After Marine Sgt. Scott Moore asks actress Mila Kunis to ball via YouTube, fellow Marines follow suit with high-profile proposals; dating expert Julie Spira on the role of the Web in today’s dating world
Marine Sgt. Scott Moore made headlines when he asked actress Mila Kunis to be his date to the Marine Corps Ball via YouTube. The actress said “yes” – after some prodding by “Friends With Benefits” co-star Justin Timberlake.
“We all talk about what we are going to do when we get back, and this was my dream,” Moore, who is stationed in Afghanistan, said in a Q&A about why he asked Kunis out the way he did. “I do feel bad for putting her on the spot, but it’s not like I was going to bump into her on the streets of Musa Qal’eh between now and the ball.”
Kunis later said she got permission to take a break from her film schedule so she could attend. Meanwhile, fellow Marine Corporal Kelsey De Santis upped the ante by asking Timberlake out to the ball and setting up a Facebook page dedicated to her cause. This week, Sgt. Ray Lewis asked 90-year-old actress and comedienne Betty White to be his date to the November event via YouTube.
Is this a new trend in the world of iconic proposals?
“Years ago, you might have seen a dramatic date request or marriage proposal on a billboard while driving by or at a sporting event, in skywriting, or along with fresh flowers being delivered to someone’s office,” said Julie Spira, dating and relationship expert and best-selling author of The Perils of Cyber-Dating and The Rules of Netiquette: How to Mind Your Manners on the Web. “In today’s digital age, it’s not unusual to see viral video wedding proposals, virtual gifts such as an e-bouquet of roses, or just simply a flirty text message to speed things up.”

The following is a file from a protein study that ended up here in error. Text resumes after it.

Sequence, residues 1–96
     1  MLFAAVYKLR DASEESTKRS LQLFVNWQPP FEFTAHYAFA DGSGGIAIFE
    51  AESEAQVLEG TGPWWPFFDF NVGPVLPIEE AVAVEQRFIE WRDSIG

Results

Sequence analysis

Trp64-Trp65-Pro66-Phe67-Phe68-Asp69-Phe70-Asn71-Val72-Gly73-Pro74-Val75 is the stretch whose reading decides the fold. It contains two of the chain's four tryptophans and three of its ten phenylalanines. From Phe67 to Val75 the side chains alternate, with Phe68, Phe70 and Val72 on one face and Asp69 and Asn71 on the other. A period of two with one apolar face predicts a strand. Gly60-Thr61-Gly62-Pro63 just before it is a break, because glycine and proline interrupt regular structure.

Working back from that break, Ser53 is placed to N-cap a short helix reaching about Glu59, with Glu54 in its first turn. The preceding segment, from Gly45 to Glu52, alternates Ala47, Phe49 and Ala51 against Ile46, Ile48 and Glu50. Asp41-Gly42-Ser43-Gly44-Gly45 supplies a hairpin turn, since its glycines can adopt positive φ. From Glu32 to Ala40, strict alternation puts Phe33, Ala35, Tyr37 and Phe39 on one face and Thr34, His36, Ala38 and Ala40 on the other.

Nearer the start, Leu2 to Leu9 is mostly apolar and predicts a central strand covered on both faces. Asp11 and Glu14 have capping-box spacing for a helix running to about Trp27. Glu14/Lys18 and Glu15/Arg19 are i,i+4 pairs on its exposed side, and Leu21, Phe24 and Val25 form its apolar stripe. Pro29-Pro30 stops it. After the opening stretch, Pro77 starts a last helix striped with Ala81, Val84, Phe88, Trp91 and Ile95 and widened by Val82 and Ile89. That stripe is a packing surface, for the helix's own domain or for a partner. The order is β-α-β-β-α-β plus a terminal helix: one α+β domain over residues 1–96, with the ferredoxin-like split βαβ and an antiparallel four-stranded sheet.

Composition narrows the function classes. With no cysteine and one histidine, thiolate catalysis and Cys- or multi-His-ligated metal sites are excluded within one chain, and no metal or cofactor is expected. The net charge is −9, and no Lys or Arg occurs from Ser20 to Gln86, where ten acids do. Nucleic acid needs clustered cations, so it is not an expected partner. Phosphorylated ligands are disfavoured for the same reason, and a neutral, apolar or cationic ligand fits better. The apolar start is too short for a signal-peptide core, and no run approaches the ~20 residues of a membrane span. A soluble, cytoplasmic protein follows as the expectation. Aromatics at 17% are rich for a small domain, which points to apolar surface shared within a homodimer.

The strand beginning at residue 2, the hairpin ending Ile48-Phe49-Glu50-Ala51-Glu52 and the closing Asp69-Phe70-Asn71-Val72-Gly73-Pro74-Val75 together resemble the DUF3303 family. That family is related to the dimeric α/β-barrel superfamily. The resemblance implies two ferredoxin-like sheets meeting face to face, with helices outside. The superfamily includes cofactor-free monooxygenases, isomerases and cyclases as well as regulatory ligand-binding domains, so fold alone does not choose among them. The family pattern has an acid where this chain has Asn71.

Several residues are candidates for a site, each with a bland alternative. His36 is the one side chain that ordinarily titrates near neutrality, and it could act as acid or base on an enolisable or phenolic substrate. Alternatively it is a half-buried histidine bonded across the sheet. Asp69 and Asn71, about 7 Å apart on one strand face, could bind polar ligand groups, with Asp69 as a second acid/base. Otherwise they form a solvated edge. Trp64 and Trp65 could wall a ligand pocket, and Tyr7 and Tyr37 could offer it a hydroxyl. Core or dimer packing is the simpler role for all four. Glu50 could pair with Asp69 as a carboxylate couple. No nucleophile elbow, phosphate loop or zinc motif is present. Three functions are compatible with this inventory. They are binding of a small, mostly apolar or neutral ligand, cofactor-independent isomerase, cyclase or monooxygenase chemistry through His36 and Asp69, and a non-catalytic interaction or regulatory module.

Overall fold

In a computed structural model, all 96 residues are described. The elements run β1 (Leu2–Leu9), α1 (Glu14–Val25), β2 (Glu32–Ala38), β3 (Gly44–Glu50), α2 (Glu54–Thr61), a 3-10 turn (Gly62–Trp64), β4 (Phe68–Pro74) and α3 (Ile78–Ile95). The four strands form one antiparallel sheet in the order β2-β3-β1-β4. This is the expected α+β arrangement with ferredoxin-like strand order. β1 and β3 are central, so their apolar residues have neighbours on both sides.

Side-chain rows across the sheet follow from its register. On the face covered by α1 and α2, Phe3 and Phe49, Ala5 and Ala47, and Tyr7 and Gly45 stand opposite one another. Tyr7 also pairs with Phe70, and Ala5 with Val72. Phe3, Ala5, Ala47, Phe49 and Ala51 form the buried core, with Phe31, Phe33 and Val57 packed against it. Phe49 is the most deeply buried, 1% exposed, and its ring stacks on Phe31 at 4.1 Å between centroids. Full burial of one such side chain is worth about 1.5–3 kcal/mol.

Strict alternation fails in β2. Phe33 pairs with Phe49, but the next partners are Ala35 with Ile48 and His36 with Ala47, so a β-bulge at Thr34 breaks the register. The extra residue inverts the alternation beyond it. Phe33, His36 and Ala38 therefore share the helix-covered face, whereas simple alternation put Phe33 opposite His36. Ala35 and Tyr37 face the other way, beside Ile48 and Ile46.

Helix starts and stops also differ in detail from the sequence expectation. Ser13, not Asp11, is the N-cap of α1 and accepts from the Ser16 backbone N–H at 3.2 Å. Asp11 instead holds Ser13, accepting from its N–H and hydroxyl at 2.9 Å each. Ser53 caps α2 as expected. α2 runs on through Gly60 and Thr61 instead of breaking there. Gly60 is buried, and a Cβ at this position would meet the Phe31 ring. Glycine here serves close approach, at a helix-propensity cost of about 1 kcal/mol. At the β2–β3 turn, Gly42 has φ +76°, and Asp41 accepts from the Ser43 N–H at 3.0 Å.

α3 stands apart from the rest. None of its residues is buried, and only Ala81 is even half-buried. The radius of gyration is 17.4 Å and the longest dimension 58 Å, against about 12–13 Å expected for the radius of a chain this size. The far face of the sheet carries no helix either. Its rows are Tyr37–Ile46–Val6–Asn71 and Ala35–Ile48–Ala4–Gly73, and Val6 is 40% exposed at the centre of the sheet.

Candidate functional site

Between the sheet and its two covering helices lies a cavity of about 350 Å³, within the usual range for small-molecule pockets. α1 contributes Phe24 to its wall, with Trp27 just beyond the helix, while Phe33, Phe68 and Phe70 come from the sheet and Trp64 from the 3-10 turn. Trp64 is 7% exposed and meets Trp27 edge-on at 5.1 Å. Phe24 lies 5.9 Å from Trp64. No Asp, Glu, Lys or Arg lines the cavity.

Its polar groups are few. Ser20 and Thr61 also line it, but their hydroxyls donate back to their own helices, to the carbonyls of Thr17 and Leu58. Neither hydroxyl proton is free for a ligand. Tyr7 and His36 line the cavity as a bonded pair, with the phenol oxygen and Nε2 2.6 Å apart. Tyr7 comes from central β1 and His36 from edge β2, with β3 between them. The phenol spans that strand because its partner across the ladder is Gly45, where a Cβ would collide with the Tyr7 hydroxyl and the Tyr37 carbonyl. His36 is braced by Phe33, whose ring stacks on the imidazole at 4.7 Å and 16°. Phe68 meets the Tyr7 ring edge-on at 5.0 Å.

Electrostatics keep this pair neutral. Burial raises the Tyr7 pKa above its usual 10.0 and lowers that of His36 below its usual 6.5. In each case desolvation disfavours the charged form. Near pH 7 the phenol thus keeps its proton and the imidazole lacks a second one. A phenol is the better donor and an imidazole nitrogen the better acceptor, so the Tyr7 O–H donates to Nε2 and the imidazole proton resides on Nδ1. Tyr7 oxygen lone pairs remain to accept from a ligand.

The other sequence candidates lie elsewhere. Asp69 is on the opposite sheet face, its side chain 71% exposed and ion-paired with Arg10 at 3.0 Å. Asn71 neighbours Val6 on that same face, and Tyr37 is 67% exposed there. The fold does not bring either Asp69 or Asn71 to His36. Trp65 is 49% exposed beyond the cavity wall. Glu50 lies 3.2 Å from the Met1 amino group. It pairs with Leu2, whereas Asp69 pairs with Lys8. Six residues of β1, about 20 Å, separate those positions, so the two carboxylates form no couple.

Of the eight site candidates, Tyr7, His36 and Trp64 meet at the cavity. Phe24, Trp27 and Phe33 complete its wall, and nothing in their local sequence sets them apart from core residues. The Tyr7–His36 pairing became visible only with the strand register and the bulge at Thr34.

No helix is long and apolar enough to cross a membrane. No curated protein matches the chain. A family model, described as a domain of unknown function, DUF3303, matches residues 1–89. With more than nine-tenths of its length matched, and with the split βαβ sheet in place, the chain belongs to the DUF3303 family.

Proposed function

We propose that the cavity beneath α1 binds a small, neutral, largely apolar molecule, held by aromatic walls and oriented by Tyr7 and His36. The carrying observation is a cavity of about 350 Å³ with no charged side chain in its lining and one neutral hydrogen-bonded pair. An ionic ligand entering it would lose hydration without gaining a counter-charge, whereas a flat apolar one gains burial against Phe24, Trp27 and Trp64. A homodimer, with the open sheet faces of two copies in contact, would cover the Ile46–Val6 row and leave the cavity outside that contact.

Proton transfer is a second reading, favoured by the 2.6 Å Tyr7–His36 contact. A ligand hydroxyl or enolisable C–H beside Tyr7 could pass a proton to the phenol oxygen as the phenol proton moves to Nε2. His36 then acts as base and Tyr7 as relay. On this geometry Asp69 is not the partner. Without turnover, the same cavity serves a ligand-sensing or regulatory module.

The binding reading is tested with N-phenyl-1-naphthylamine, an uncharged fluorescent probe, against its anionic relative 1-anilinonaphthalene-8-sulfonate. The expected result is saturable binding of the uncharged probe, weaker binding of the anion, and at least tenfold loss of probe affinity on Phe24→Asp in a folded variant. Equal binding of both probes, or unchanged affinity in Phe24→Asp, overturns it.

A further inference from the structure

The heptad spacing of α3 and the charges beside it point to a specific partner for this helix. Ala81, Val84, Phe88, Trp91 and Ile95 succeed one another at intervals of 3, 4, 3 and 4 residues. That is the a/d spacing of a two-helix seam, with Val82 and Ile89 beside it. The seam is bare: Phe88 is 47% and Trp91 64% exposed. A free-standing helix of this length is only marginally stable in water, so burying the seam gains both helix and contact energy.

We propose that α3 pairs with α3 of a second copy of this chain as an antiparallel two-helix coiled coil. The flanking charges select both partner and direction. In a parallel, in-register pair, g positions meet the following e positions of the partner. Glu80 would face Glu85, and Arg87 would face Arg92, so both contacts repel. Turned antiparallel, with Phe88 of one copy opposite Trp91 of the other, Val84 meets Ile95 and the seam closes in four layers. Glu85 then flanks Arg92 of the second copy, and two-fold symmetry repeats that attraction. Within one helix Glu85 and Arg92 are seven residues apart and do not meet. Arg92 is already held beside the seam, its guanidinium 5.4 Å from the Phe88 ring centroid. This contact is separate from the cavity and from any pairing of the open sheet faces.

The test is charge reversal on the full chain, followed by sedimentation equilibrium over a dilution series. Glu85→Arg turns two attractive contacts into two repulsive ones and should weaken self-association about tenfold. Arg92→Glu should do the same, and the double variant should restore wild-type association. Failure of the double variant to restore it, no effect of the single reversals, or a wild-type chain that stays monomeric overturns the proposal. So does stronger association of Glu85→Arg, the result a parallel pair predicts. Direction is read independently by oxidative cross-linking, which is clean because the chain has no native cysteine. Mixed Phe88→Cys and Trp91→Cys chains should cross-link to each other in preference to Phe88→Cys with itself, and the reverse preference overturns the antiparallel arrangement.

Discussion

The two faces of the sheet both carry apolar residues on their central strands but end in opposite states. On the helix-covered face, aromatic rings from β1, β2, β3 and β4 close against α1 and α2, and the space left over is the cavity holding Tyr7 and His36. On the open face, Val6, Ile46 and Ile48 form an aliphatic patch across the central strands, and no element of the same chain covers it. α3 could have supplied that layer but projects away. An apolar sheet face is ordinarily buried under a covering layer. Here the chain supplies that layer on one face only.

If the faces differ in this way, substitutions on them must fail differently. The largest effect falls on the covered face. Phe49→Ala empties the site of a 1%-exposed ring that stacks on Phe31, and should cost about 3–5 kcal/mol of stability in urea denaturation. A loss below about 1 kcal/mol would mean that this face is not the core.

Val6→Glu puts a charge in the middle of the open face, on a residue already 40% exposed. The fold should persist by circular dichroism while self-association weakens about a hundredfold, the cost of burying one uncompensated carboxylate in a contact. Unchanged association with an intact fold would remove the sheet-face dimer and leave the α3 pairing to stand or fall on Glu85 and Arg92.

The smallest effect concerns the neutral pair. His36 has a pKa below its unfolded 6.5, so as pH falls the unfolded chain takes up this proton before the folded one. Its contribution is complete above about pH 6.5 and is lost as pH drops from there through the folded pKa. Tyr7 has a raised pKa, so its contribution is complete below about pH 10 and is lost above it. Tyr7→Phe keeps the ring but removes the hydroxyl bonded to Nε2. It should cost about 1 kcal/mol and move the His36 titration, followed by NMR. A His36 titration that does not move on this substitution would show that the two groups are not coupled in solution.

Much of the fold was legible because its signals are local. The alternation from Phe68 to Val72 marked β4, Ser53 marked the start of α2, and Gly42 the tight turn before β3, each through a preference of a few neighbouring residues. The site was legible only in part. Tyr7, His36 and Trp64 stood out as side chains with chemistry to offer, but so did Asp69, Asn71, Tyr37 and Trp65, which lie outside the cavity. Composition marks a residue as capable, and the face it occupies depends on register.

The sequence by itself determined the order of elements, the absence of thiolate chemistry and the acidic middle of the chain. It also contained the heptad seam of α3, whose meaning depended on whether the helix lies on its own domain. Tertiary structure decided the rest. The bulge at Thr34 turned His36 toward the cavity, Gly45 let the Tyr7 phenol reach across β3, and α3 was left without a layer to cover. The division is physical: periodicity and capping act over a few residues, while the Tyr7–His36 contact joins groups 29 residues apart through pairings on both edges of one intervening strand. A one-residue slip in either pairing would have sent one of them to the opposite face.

But do these dramatic proposals increase the disappointment factor if your love interest doesn’t reciprocate your feelings? Or does it put too much pressure on one to respond in a favorable fashion to such an invitation or proposal?
“Sometimes when you’re in-the-moment, you might respond by saying ‘yes’ due to be spontaneous or by feeling pressured to do the right thing,” Spira said.
With so many people online and Internet dating more common than not, there are many people trying different avenues to find love. Of course, there are both pros and cons to using technology to spur action in your love life. Spira advises to be wary of letting technology take the place of the very human element of romantic interaction.
“The Internet makes everything speed up as it relates to modern courtship. You have Skype dates, constant texting, and have a plethora of people only asking people out in a text message or email,” she said. “There’s still something special about hearing the sound of his voice when he asks you out on a date, especially in the early days when you don’t have an ongoing relationship.
“I always say, when in doubt, pick up the phone. If you get rejected, don’t take it too personally. It’s just one date. You can log on to your favorite online dating site and easily meet someone else.”
For More From Julie Spira on genConnect:
- “The Bachelorette” and “The Bachelor”: Real or Faux Romance?
- Friday the 13th: Advice on How to Help Yourself Fall in Love
- How to Find a Date in Time for Valentine’s Day, by Julie Spira
- Julie Spira’s Daily Dose of Love
- Dating Tips for Summer Love With Julie Spira
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